How rare are gangliocytomas?

The incidence of gangliocytomas has been reported to range from 0.1 to 0.5% among all central nervous system (CNS) tumors.

Last updated on 05-01-20

What is gangliocytoma?

Gangliocytoma is a rare type of central nervous system (CNS) tumor made up of mature neurons. Gangliocytomas may occur in all age groups but most often occur in people between the ages of 10 and 30. The most common site is the temporal lobe of the brain, but they can arise anywhere in the CNS including the cerebellum, brainstem, floor of the third ventricle, and spinal cord. They are among the most frequent tumors associated with epilepsy. Signs and symptoms may depend on the tumor's location and may include seizures (most commonly); increased brain pressure; endocrine disorders; and focal symptoms. Gangliocytomas are generally slow-growing and usually do not become malignant. Treatment involves surgical removal of the tumor.

Click here to view a separate page about dysplastic gangliocytoma of the cerebellum (also called Lhermitte-Duclose disease).

Last updated on 05-01-20

What is known about gangliocytomas of the spine?

Gangliocytomas are rarely found in the spine, accounting for fewer than 10% of all gangliocytomas. They occur more frequently in the thoracolumbar region, but cases involving the cervical spine (through the neck area) have also been described. Depending on the location of the tumor, people with spinal gangliocytomas may have symptoms such as radiculopathy (a condition of the nerve roots), paraparesis (partial paralysis of the legs), or cauda equina syndrome. Scoliosis has been described as a presenting sign in people with thoracic dumbbell gangliocytomas.

The intramedullary form of spinal gangliocytoma is exceedingly rare. Most of the cases in the literature report a favorable prognosis after a complete resection of the mass, but a good prognosis even after subtotal resection, without post-operative adjuvant treatment, has also been reported.

Last updated on 05-01-20

What is the long-term outlook for people with gangliocytoma?

Gangliocytoma is considered a low-grade tumor (WHO Grade I) with a benign course. Grade I tumors are considered the least malignant tumors and are usually associated with long-term survival. They grow slowly. Surgery alone is often an effective treatment for a Grade I tumor.

Complete resection (removal) of supratentorial gangliocytomas can be achieved in more than 75% of cases. Even after subtotal (partial) resection, clinically relevant re-growth of the tumor is rare. Therefore, although total resection is optimal, the outlook is reportedly good even after subtotal resection.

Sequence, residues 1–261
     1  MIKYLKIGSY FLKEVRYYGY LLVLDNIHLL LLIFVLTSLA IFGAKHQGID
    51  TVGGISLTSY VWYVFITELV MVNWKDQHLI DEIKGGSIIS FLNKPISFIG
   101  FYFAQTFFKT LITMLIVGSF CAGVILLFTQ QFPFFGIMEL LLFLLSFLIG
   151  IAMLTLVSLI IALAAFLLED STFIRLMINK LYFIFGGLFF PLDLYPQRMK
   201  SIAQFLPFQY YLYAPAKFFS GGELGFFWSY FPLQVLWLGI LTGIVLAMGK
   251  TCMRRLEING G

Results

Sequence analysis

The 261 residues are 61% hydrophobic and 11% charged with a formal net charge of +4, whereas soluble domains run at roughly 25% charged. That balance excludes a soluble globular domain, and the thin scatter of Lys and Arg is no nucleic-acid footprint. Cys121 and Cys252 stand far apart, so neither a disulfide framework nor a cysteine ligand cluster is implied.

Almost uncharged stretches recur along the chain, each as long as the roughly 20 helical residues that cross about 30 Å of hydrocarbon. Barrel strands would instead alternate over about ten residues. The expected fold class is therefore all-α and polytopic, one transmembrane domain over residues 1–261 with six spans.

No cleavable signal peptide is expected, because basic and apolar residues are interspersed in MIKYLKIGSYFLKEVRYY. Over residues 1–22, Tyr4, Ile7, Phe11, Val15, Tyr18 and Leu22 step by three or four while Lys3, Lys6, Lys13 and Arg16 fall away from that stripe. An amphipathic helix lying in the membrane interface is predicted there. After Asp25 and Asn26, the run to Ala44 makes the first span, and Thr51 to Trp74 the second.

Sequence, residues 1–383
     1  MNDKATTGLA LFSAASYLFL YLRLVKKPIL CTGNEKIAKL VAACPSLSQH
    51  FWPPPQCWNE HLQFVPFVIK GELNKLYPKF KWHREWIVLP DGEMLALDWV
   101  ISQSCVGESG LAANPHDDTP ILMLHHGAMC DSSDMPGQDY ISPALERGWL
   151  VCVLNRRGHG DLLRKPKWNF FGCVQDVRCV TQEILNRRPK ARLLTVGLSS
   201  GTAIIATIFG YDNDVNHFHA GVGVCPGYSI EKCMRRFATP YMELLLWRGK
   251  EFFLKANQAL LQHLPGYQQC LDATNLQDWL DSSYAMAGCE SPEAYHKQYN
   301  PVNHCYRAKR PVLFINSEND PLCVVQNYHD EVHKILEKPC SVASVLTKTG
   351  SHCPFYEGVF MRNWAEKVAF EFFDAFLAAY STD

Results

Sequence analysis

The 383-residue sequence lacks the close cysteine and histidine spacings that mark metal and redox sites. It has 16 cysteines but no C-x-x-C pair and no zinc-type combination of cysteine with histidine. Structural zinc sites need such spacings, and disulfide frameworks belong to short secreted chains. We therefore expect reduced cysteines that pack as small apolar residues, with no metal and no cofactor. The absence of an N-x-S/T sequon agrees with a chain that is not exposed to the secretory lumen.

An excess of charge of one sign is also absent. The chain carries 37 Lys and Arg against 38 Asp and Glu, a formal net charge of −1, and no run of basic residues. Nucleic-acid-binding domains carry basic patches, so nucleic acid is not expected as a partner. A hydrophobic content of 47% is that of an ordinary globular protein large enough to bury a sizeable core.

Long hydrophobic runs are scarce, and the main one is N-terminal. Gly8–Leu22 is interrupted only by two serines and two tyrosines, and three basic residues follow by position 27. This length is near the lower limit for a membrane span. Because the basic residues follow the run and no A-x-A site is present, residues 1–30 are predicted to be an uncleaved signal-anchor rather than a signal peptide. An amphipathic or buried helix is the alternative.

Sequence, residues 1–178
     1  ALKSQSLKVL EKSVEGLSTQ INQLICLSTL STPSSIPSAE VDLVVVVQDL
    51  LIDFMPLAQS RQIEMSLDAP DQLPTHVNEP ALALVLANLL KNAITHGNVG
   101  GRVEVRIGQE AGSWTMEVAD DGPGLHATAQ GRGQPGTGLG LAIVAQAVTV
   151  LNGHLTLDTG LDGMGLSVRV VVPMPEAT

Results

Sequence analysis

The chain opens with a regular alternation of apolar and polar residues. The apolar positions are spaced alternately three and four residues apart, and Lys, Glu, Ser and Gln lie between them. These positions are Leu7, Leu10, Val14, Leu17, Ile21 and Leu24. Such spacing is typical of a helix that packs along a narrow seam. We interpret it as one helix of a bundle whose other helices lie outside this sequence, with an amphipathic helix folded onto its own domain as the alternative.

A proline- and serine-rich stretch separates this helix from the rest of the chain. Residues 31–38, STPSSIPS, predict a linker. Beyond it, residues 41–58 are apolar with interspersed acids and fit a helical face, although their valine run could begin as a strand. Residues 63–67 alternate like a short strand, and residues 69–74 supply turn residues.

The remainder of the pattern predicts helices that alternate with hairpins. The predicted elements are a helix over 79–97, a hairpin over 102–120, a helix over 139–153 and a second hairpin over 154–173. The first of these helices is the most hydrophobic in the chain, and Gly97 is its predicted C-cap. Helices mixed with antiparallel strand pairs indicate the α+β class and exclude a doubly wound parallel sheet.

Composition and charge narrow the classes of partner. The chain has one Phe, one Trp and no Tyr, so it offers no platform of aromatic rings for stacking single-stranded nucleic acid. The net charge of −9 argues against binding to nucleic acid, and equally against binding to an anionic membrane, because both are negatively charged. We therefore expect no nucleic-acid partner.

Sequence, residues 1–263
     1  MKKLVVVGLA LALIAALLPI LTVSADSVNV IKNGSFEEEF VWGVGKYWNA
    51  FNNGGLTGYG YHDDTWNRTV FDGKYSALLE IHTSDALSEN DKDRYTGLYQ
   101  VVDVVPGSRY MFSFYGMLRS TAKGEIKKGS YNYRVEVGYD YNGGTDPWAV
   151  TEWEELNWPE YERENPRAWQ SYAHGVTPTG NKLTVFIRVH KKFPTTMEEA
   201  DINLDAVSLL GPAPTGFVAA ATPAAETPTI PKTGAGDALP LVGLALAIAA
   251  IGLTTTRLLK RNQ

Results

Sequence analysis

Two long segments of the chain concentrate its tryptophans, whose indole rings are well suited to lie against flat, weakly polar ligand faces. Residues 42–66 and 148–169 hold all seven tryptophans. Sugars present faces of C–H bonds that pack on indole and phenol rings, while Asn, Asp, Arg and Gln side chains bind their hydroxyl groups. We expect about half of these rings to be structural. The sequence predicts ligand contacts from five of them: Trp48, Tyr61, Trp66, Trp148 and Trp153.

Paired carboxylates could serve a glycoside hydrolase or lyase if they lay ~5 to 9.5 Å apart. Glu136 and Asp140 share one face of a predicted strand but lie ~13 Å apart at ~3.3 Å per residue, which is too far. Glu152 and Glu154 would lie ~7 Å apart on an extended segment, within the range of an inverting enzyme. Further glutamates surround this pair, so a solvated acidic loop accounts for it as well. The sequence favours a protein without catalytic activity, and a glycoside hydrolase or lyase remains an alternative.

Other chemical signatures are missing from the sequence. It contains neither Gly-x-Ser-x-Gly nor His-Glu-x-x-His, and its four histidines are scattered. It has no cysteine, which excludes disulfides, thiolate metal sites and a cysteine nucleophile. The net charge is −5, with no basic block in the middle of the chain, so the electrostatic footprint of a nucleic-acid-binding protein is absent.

Morbidity and mortality related to surgery for gangliocytomas generally depends on the location of the tumor. Resection performed in some areas may carry significantly more risk than in others.

Last updated on 05-01-20

Name: Children's Tumor Foundation CTF 120 Wall Street, 16th floor
New York, NY, 10005-3904, United States
Phone: +1-212-344-6633 Toll Free: 1-800-323-7938 Fax : +1-212-747-0004 Email: Url:
Name: American Brain Tumor Association 8550 W. Bryn Mawr Ave, Ste 550
Chicago, IL, 60631, United States
Phone: +1-773-577-8750 Toll Free: 1-800-886-2282 Fax : +1-773-577-8738 Email: Url:
Name: National Brain Tumor Society 55 Chapel St., Suite 200
Newton, MA, 02458, United States
Phone: +1-617-924-9997 Fax : +1-617-924 -9998 Email: Url:
Name: Pediatric Brain Tumor Foundation 302 Ridgefield Court
Asheville, NC, 28806 , United States
Phone: +1-828-665-6891 Toll Free: 800-253-6530 Fax : +1-828-665-6894 Email: Url:
Name: Children's Brain Tumor Foundation 274 Madison Avenue, Suite 1004
New York, NY, 10016 , United States
Toll Free: 1-866-228-4673 Email: Url:
Name: International Brain Tumour Alliance 10 Carrodus Street, Fraser, ACT, 2615
Email: Url:

Connect with other users with Gangliocytoma on the RareGuru app

Do you have information about a disease, disorder, or syndrome? Want to suggest a symptom?
Please send suggestions to RareGuru!

The RareGuru disease database is regularly updated using data generously provided by GARD, the United States Genetic and Rare Disease Information Center.

People Using the App

Join the RareGuru Community

To connect, share, empower and heal today.

People Using the App